@Jim Benson People have different feelings. One developer and one tester liked iterations very much and want to bring them back. I, as a product owner, like Kanban more (Scrum Master likes Kanban as well :). Other people in the team do not see much difference (or maybe don’t want to express opinion so far). Initially there were some problems with many branches, that was the reason why we switched from Subversion to Git. It is not a huge problem anymore, but still conflicts are happen and it take time to resolve them.

    We have more smaller meetings now in PO+Tester+Developer format for each user story. We have 2 weeks retrospectives. We’ve removed planning/estimations meetings, but from time to time have large release planning meetings where we discuss goals for the next ~2 months.

    I think the team is still in Storming phase with close transition to Norming. I hope it will be in Performing phase in 1-2 months 🙂

  • Sceptic

    How are the images related to this article?

  • Michael Dubakov

    @Sceptic Just beautiful pictures 😉 Well, does anybody see the idea behind?

  • Kirk Bryde

    Sometimes artwork is best left unexplained, as its beauty is in the eye of the beholder. 🙂 However, since you asked, what I see is that the density of the brush strokes imply the amount of work effort expended (or planned to be expended) on a series of stories.

    In the first rendition, it’s somewhat linear (like a product backlog ranked by business priority). This work effort is easily snipped into “natural” iterations – as easily as you can snip a rope. This is Scrum (or other Agile methodology that uses iterations).

    In the second rendition, the brush strokes are much more chaotic – indicating a multitude of dependencies and priorities – and it would be much more challenging to know where to snip it. If snipped, it would be cut into arbitrary, unnatural iterations. Instead, it might be better to work on the backlog of stories a few at a time, in a constant flow – without regard to the concept of an iteration. This is Kanban.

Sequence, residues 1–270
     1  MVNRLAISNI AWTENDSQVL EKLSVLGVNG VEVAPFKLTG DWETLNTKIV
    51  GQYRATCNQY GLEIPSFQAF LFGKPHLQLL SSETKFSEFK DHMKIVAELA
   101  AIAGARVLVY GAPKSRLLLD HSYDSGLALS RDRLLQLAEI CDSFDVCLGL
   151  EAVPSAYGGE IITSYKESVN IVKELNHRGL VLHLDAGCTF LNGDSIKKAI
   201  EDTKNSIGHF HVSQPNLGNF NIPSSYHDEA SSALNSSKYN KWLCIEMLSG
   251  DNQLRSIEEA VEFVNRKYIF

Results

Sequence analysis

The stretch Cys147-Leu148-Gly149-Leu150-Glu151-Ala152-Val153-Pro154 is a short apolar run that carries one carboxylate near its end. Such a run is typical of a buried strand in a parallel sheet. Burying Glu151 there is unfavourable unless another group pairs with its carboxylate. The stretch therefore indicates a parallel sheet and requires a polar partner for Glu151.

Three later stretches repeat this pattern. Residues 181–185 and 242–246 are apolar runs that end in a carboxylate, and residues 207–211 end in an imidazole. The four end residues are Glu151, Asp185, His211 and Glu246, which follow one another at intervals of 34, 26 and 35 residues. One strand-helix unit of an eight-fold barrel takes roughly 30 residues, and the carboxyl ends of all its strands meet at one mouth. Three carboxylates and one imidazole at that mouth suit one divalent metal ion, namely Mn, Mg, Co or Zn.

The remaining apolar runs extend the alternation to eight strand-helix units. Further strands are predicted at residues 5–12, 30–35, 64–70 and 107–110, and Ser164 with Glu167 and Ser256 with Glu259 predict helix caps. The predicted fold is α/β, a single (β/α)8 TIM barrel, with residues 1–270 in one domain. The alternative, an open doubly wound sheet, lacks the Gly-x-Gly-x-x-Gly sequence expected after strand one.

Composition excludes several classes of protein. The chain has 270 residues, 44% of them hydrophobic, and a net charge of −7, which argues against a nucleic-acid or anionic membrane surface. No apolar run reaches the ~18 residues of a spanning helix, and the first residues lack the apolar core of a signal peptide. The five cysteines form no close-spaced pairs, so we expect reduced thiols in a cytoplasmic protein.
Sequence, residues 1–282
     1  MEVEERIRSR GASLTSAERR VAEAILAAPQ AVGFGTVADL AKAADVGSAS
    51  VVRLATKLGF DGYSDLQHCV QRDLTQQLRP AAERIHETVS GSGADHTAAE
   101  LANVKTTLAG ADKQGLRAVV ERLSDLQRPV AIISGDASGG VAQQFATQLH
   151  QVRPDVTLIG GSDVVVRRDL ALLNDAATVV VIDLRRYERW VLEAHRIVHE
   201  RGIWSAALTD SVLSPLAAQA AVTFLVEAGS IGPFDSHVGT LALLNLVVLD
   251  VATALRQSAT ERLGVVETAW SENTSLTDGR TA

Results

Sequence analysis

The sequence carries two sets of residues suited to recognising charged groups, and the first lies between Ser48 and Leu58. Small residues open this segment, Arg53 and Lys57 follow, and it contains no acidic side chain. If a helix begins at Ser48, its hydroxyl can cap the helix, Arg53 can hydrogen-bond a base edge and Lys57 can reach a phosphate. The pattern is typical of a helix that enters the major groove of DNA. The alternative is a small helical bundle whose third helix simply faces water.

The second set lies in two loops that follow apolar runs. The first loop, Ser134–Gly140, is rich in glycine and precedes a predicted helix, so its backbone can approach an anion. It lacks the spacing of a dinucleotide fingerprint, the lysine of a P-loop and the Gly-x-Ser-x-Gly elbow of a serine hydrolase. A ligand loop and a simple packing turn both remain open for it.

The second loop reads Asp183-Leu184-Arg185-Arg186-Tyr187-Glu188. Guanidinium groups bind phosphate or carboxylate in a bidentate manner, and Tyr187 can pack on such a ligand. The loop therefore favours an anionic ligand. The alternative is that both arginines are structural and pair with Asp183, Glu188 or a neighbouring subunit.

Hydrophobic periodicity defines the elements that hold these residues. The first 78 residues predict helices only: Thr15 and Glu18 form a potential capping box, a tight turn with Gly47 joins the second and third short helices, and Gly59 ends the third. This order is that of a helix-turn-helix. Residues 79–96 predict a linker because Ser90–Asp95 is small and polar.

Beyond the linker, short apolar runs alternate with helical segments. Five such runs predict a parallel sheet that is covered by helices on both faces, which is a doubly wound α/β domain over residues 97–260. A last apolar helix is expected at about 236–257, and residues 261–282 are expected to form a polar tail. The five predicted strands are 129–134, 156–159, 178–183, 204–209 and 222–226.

It is also notable that the first rendition implies the curve of a typical burndown chart – with a clear (but somewhat arbitrary because the rope is still quite thick) end-of-release point when the curve hits zero on the y-axis, whereas the second rendition does not resemble a burndown chart – it flows continually in parallel to the horizontal (time) axis.

    Some of you might think that the first rendition looks waterfall-ish, whereas the second rendition looks more like the eddies and currents of a steadily-flowing river, but I don’t. It’s all in the eye of the beholder. 🙂

  • Michael Dubakov

    @Kirk Bryde Thank you for the awesome explanation! I can’t do any better for sure.

  • Roman Korchagin

    Well done, exactly what I was looking for. These pictures are to go on the wall in front of me as they clearly show what’s been going on with my project.

    On a side note, it will be interesting to hear where did Michael find them. Did you have those pictures in mind and got someone to draw them? They actually look like some smoke. If they are pictures of smoke – maybe in our quest of workin on the edge of chaous we have to look more into the nature. As usual…

  • Michael Dubakov

    @Roman Korchagin
    I just looked for 2 abstract pictures, one more ordered and one more chaotic 🙂